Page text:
Here is the latest Michigan news from The Associated Press at 5:40 p.m. EDT

UNDATED (AP) — A federal judge in Detroit says he won’t reconsider his July dismissal of General Motors’ racketeering lawsuit against Fiat Chrysler Automobiles. U.S. District Judge Paul Borman wrote in an opinion Friday that new evidence presented by GM regarding bribes and foreign bank accounts “is too speculative to warrant reopening” the case. GM alleges that FCA paid bribes to two former United Auto Workers presidents, as well as a former union vice president and at least one former GM employee. It says payments were made so the officials would saddle GM with more than $1 billion in additional labor costs.

LANSING, Mich. (AP) — Gov. Gretchen Whitmer says 4 million masks will be distributed to residents — free of charge — to help combat the coronavirus pandemic. The face coverings will go to low-income residents, seniors, schools and homeless shelters through a partnership of the state, the Federal Emergency Management Agency and Ford Motor Co. FEMA is supplying 2.5 million of the masks, including 1.5 million that the state has already sent to social service agencies. Ford is paying for 1.5 million masks. They will go to low-income schools, the city of Detroit, health clinics for the poor, some testing sites and other places.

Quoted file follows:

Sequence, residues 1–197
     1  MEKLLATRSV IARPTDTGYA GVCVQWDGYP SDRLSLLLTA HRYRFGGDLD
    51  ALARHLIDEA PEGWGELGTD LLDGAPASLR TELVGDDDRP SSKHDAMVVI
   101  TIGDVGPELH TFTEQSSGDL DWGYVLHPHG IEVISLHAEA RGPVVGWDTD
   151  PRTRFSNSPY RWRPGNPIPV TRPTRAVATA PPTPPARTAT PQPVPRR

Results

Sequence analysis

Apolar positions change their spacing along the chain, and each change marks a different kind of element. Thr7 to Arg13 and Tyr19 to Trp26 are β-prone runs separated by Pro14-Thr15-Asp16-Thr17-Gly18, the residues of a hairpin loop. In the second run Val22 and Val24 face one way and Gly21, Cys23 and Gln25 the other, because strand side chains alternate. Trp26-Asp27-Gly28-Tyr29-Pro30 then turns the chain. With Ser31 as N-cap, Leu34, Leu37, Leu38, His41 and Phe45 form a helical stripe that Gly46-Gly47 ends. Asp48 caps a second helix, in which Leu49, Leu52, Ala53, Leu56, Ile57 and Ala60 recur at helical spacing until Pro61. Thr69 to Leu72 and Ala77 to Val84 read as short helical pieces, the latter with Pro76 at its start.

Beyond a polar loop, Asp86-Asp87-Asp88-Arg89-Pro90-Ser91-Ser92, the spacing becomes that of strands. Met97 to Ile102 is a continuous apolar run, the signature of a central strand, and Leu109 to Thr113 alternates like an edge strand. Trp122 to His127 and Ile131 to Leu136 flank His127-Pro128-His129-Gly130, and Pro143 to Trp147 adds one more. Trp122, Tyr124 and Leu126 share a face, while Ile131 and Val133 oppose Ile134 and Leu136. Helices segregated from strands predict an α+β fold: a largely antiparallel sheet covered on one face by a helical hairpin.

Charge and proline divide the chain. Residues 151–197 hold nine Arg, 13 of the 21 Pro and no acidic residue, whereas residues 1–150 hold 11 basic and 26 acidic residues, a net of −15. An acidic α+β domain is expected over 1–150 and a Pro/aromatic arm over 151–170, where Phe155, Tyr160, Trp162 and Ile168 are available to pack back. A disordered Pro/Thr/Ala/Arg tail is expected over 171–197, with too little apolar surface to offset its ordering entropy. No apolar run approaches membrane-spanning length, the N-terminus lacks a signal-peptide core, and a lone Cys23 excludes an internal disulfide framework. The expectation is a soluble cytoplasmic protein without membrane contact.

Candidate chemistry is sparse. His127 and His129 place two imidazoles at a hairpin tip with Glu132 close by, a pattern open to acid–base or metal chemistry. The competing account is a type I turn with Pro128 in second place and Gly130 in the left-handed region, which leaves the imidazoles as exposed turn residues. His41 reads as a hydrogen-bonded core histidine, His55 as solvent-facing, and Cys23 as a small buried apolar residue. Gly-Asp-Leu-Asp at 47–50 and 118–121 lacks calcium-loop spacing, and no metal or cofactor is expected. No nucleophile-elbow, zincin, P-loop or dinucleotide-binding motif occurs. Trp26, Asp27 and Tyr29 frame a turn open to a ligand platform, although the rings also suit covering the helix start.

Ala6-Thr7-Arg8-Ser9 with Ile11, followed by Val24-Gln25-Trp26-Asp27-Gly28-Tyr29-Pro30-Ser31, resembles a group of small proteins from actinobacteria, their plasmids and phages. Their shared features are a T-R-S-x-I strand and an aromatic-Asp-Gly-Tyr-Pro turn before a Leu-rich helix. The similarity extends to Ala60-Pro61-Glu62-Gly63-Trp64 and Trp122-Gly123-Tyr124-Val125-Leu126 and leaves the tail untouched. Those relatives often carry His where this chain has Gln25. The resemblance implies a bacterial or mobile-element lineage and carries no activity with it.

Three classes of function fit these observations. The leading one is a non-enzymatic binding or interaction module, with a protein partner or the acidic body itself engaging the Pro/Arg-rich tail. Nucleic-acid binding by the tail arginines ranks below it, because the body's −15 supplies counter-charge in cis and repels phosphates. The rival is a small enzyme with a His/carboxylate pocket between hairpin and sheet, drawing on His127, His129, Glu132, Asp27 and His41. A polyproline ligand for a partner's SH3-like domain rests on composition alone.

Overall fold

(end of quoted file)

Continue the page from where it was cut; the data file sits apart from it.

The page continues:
LANSING, Mich. (AP) — The Michigan High School Athletic Association is moving the football season to next spring but says other fall sports will proceed as scheduled during the coronavirus pandemic. Friday’s move comes days after the Big Ten postponed all fall sports and said it hoped to make them up in the second semester. MHSAA Executive Director Mark Uyl says football is considered to be a high-risk sport for the spread of COVID-19 due to the face-to-face contact. He says the association did everything it could to have a fall football season but there is too much uncertainty and too many unknowns.

WASHINGTON (AP) — Policy changes that slow delivery at the U.S. Postal Service are taking a toll on military veterans, who are reporting much longer wait times to receive mail-order prescription drugs. That’s according to a group of Democratic senators. In a letter Friday, the 31 senators take aim at new Postmaster General Louis DeJoy, a GOP fundraiser who took the post in June and has since imposed operational changes that have led to mail backlogs across the United States. The senators say they’ve heard from hundreds of veterans, as well as Department of Veterans Affairs staff, who cited weekslong mail delays, “causing veterans to miss doses of vital medications.”